The Governor called on business leaders and legislators to work with him to invest in more jobs in Minnesota. “They must be our No. 1 priority. So I say to legislators, let’s take your best ideas and my best ideas and turn them into jobs, and let’s do it now.” He urged the legislature to pass a combination of his bonding proposals, “Jobs Now” tax credits, and the Vikings stadium to put tens of thousands of Minnesotans back to work.
The Governor also stressed the reforms that have been made in education over the last year. In 2011, the Governor expanded Early Childhood Education, a step which helped to win Minnesota a federal Race to the top award. This year, Minnesota was one of only 10 states to earn a waiver from the failed No Child Left Behind law. The Governor acknowledged these successes and then challenged legislators to develop education initiatives in cooperation with educators. He challenged educators to prepare their students for jobs of the future.
Article by: Columnist Neal St. Anthony
Published in the Minneapolis Star Tribune on February 12, 2012 at 6:22 p.m.
Mild-mannered Minnesota Commerce Commissioner Mike Rothman, described by Republican and Democratic predecessors as a good listener, has put the teeth back into the agency.
Rothman, a business lawyer by trade, was hired by Gov. Mark Dayton a year ago with a mandate to step up consumer protection, enforcement and financial literacy initiatives at an agency that was perceived as less-than-aggressive under Gov. Tim Pawlenty. Since Rothman took over, several deputies who oversaw insurance, enforcement and banking have retired or left.
Former Commerce Commissioner Glenn Wilson, a career mortgage banker, has disputed that the agency was slow to respond to the mortgage meltdown that brought the nation's economy to its knees in 2008. Regardless, the pace of investigations, enforcement actions and the agency's profile have picked up under Rothman.
"I sensed an opportunity to reorganize and emphasize some things that could be done better," said Rothman. "We're responsible for protecting the public. We also want to make sure that business has an opportunity to succeed. There's a balance there. There are some bad actors out there. But the overwhelming number of Minnesota companies, 99 percent, are good citizens."
Op/Ed by Minnesota Commissioner of Revenue Myron Frans
Published in the St. Paul Pioneer Press on February 9, 2012 at 5:56 p.m.
By most conventional measures of economic prosperity, Minnesota is outperforming other states. Yet a recent Pioneer Press editorial, promoting the findings of a flawed tax index, says otherwise - hardly the best way to position our state for more growth.
First, the facts: Minnesota has the nation's 10th-highest per-capita personal income, 7th-lowest unemployment rate, 13th-lowest business failure rate, and 8th-lowest poverty rate. We have regained more than 33 percent of jobs lost in the recession (compared with 25 percent nationwide). In 2011, total wages in the state increased four times as much as in the rest of the country.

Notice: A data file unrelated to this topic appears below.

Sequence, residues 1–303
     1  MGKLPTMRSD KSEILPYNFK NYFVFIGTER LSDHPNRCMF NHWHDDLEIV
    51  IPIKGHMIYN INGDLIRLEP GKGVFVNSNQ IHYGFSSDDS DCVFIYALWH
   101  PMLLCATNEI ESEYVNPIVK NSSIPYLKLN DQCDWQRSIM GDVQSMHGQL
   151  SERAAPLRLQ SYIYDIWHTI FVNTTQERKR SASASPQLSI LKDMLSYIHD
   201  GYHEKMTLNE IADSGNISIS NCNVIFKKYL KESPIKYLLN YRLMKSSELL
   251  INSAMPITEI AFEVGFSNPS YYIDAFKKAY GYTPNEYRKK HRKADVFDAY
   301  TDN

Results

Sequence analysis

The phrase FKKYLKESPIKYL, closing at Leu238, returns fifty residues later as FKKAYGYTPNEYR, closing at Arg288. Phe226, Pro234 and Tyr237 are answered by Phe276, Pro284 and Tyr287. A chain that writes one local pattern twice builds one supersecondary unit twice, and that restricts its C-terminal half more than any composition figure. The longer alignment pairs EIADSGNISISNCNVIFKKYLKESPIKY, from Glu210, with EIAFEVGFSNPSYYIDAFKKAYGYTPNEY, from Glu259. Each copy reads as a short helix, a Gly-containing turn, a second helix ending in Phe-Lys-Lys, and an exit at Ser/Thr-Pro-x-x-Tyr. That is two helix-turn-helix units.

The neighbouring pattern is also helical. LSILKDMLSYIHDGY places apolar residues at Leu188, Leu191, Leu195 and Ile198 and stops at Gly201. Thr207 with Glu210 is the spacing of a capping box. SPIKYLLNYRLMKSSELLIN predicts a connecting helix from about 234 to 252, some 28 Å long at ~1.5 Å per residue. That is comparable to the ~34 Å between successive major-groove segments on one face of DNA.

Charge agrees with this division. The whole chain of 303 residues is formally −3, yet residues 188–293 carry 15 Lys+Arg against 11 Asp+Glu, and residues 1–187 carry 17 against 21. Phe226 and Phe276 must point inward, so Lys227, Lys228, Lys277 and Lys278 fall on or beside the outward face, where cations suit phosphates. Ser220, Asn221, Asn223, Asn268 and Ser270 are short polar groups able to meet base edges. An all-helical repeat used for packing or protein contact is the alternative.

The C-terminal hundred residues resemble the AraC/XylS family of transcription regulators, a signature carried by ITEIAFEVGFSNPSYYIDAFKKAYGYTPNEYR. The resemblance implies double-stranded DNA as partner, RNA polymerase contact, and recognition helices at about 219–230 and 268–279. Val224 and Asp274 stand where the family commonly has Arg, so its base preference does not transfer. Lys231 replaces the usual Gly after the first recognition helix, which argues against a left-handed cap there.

Despite the economic reality in the state, the Tax Foundation's "State Business Tax Climate Index" claims that Minnesota is bad for business ("Minnesota takes a licking on tax climate," Feb. 7). This is misleading, and biased.
The index is focused only on tax rates, without documenting the real-world effects or considering what Minnesotans and businesses in the state actually pay. For example:
It knocks Minnesota for having a sales tax on manufacturing equipment, but does not acknowledge that taxpayers receive tax credits (refunds) that cover these costs.
It criticizes Minnesota's research and development credit and Angel Investment Credit, even though they are important priorities for businesses in the state.
It is biased against states with multiple income tax brackets, even though there is no evidence that multiple brackets are a detriment to business growth.
The index ignores the benefits provided by public investment when assessing our business climate - yet it is those public investments that draw employers to Minnesota. As state economist Tom Stinson has noted, our taxes have bought something for businesses - like productive workers, research, high-quality transportation and other business services.
Governor Mark Dayton knows that Building a Better Minnesota means our workers must have the skills and training to fill the jobs of the 21st century. That’s why Governor Dayton has made job creation and workforce development his top priority for the legislative session.
Today the Governor attended a meeting of the Governor’s Workforce Development Council (GWDC) to hear a presentation on their yearly report. The Council serves an important role in workforce development, providing analysis and recommending policies to improve workforce readiness.
The report, entitled “All Hands on Deck: Sixteen Recommendations for Strengthening Minnesota’s Workforce,” offers recommendations to improve worker training, skill development, and education. Many of the report recommendations mirror proposals laid out by the Governor and DFL legislators last month.